The European Commission has opened an antitrust investigation into leading US chipmaker Broadcom, saying they’ve used exclusivity agreements and other measures to suppress competition, according to The Verge.
The commission has also put interim measures in place banning exclusivity agreements during the investigation, “to avoid any risk of serious and irreparable harm to competition,” the commission’s competition policy leader, Margrethe Vestager, said this week.
The interim ban is the first of its kind issued in nearly two decades, due to the high standard necessary to prove a risk of lasting harm to competition.
The investigation focuses on the company’s chipsets for broadband modems and TV set-top boxes. According to Vestager:
“TV set-top boxes and modems are part of our daily lives, for both work and for leisure. We suspect that Broadcom, a major supplier of components for these devices, has put in place contractual restrictions to exclude its competitors from the market. This would prevent Broadcom’s customers and, ultimately, final consumers from reaping the benefits of choice and innovation.”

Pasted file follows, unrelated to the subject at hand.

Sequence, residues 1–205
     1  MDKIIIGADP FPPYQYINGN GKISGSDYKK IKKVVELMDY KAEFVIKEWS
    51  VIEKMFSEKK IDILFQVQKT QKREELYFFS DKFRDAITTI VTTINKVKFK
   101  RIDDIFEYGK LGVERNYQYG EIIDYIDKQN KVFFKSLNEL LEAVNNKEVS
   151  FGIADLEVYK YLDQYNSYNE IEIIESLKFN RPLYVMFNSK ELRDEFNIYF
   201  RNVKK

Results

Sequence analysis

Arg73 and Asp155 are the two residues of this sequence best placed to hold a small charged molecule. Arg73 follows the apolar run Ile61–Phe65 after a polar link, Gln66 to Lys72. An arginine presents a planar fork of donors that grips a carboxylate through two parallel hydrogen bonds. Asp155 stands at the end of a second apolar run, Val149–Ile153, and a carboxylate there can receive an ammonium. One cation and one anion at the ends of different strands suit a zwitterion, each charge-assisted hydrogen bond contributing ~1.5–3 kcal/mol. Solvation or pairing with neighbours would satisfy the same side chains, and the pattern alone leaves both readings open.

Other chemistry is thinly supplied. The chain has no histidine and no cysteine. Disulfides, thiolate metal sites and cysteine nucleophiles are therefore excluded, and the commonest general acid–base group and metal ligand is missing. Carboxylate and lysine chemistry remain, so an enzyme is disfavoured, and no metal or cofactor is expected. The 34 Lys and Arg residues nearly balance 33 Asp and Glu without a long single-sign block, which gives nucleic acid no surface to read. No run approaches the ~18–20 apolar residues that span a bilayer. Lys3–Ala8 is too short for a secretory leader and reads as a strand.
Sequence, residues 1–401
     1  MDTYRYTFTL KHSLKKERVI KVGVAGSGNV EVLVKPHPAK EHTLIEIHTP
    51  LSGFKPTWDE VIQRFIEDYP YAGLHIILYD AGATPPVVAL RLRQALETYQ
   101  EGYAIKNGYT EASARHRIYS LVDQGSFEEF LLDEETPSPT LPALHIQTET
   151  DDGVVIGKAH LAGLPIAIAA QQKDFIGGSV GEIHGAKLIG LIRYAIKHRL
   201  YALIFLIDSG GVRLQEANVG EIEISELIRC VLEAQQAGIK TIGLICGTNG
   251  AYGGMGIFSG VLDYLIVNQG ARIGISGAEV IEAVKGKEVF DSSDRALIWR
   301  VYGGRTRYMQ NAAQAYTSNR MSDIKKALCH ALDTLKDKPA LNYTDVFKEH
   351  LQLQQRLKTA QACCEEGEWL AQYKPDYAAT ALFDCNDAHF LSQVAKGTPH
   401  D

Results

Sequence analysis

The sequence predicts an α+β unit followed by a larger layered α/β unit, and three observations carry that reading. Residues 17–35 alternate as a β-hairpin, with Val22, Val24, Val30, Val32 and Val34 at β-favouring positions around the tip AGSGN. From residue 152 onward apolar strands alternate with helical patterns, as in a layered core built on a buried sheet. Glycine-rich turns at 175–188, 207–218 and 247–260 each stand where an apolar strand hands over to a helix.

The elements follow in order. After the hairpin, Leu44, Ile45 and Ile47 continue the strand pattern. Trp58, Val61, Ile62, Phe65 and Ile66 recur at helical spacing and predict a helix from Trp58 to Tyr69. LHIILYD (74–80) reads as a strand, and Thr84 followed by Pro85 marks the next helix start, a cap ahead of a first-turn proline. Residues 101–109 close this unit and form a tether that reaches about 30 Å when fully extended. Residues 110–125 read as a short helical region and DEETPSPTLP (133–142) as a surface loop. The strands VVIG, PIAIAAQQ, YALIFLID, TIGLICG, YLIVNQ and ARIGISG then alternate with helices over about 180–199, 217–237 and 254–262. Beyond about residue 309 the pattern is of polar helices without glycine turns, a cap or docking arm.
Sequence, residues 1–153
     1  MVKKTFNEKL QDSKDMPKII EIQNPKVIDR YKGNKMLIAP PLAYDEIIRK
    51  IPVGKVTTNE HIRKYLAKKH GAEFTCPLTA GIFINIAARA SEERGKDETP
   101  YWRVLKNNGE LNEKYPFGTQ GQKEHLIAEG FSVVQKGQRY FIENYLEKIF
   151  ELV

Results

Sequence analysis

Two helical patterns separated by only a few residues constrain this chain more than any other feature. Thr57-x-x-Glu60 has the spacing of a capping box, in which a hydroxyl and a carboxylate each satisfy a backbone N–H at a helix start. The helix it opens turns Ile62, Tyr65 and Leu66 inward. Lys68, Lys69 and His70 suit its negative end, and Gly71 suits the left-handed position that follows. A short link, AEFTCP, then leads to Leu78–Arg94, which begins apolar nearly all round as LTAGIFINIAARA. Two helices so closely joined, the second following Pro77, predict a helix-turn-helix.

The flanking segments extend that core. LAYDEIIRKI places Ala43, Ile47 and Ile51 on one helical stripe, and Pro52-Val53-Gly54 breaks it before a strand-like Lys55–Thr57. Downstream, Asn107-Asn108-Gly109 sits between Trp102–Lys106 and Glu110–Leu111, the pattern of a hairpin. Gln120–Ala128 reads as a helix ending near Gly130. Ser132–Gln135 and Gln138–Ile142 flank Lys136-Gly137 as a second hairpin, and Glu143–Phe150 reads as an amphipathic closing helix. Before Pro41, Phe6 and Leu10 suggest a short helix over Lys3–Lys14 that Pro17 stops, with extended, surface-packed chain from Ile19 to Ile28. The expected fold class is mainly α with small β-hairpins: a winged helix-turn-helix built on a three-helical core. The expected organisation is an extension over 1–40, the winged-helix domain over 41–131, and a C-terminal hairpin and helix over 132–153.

The commission cited deals between Broadcom and seven of its “main customers” that could compel them to purchase certain components exclusively from Broadcom, threatening to “stifle innovation in these markets, to the detriment of consumers.”
The exclusivity deals are just one practice that’s under investigation by the commission, which will also look into product bundling, potentially harmful IP strategies, and efforts to deliberately make it difficult to use Broadcom products with those of rival companies.
Tech companies are facing more scrutiny in Europe as well as the US, where regulators are also investigating Broadcom for anti-competitive practices.
The EU fined chipmaker Qualcomm $1.2 billion this year over deals made with Apple which blocked competitors. Google also faced a $1.5 billion antitrust fine this year from the EU, and regulators are reportedly planning to investigate Apple as well.
For its part, Broadcom noted that it’s already been in discussions with the commission for months, and that the company “believes it complies with European competition rules and that the commission’s concerns are without merit.”
In a filing with US regulators, they also said they don’t expect the EU investigation to hurt sales of modems of set-top boxes.
Tech companies are increasingly facing scrutiny, and ultimately steep fines, from EU regulators in recent years. If the commission determines that Broadcom violated EU rules, they could levy fines totaling up to 10 percent of the company’s global revenues.
Photo: Köf3 [CC BY-SA 3.0 (https://creativecommons.org/licenses/by-sa/3.0)]